Rachel Roehrich created a website to help students navigate life in high school and connect them to mental health and addiction resources.

The website was an idea generated by Roehrich, a sophomore at Century High School, and a small group of classmates in a leadership class as a one-stop, user-friendly site for students.

“It’s focused mainly around mental health,” Roehrich told the Bismarck Tribune.

The site, called CHS Corner, recently launched. It includes tips for students on topics such as effectively managing stress, an information section with articles for students and a school and community resources page.

Roehrich and her classmates were one of 17 student groups in North Dakota that received funding through North Dakota first lady Kathryn Burgum’s Youth Ending Stigma Challenge — a program that awarded up to $1,000 to student-led projects aimed at getting rid of the stigma surrounding mental health and addiction.

Burgum visited Century recently for the website launch and talked with Roehrich and other students about her goal to include youth in her platform on addiction and mental health.

“Youth want to be the advocates,” Burgum said. “They have so much passion around advocacy, and I was hoping they could direct some of that advocacy to eliminate stigma and take a leadership role in that.”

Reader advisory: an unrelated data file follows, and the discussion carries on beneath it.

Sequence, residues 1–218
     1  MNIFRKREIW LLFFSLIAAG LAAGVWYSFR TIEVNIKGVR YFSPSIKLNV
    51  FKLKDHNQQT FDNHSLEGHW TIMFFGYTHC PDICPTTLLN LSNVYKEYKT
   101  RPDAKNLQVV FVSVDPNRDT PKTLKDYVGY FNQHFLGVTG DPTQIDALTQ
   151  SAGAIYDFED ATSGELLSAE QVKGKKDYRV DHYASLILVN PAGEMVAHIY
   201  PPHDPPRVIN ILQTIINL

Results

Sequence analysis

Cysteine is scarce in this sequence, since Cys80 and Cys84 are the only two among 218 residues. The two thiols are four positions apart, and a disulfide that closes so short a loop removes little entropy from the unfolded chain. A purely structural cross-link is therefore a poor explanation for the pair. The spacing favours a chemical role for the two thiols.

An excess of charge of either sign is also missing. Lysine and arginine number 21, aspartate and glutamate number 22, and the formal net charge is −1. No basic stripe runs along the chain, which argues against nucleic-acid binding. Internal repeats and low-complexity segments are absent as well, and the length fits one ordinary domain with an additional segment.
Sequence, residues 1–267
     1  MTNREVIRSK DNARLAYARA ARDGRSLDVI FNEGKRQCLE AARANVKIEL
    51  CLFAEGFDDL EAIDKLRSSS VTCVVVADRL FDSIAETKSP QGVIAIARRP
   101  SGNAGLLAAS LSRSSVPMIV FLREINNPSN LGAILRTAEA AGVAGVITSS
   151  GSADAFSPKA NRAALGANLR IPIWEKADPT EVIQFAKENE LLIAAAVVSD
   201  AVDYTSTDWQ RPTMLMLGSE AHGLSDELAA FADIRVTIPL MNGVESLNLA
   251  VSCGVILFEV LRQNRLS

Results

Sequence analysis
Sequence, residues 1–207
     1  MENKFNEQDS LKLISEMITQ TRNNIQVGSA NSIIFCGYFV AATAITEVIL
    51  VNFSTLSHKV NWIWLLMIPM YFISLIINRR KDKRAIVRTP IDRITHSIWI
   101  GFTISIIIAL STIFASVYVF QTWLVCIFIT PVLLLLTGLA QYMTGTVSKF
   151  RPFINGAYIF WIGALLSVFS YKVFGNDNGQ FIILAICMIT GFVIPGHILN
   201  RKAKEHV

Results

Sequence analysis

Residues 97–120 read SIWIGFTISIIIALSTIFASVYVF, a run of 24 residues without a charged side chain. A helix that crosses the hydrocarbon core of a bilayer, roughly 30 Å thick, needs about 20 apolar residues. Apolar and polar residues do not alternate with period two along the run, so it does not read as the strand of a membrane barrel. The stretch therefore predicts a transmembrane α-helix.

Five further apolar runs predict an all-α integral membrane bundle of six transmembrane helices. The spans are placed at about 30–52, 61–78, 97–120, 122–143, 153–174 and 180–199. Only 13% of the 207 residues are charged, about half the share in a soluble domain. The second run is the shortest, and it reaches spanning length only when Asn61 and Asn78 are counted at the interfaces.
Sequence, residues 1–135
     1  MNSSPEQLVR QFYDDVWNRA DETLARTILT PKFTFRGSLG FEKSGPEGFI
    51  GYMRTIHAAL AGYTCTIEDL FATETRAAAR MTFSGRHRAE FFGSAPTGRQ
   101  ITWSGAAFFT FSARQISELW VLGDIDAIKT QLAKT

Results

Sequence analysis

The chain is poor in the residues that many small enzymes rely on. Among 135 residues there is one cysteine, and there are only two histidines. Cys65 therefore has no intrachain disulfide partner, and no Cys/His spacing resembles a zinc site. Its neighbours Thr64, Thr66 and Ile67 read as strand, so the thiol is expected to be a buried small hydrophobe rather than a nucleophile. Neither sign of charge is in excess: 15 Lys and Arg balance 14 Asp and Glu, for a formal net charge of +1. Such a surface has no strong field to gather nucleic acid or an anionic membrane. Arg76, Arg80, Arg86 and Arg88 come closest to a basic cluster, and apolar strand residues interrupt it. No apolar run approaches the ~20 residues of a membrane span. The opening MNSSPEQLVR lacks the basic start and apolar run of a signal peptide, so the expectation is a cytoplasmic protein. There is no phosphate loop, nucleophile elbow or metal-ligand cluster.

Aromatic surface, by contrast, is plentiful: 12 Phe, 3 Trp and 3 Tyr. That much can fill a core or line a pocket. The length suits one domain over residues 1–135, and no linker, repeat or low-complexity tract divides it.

Roehrich and other students hung up signs in the school with QR codes students can scan to take them directly to the CHS Corner website. Only students and teachers with a school email can access the site.

Students also may submit questions for the website, which other students post their answers online.

“In a world of information, where there’s information everywhere, ciphering through it is very difficult, so now they have a one-stop access for all kinds of information,” said Laurie Foerderer, who teaches the leadership class.

Foerderer said she hopes future students in her leadership class will sustain the website.

“We’re going to keep this going as long as it stays relevant,” she said.

Burgum also has visited other schools that received grants through the YES Challenge, and she said she’s also taking the opportunity to ask schools about what mental health and addiction resources they have available.

Burgum was told about the four counselors and full-time social worker at Century. Assistant principal Sharon Espeland also told Burgum about a new “transition center,” or an alternative room in the school where students with anxiety can go and do school work.

Espeland also said they started contracting with a licensed psychologist this year, who comes into the school one day a week to work with students.

Burgum said she’s supportive of additional funding for behavioral health services in schools.

“I would be a huge proponent of having more behavioral health (resources), and how do we get the funding to make that happen in schools, or redirect funding?” she said.

Burgum also said she plans to continue youth engagement, though funding for the YES Challenge was only for this school year. She said this summer she’ll discuss whether to continue the program or similar initiatives next year.


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